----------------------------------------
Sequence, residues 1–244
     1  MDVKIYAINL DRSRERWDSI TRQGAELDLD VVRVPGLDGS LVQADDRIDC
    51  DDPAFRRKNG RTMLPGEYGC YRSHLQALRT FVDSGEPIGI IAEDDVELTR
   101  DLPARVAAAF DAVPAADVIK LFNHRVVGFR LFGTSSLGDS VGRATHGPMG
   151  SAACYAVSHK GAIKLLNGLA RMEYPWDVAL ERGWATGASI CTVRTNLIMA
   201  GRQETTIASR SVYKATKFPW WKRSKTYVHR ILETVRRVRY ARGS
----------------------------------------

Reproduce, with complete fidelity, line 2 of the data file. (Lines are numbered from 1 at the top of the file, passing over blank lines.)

     1  MDVKIYAINL DRSRERWDSI TRQGAELDLD VVRVPGLDGS LVQADDRIDC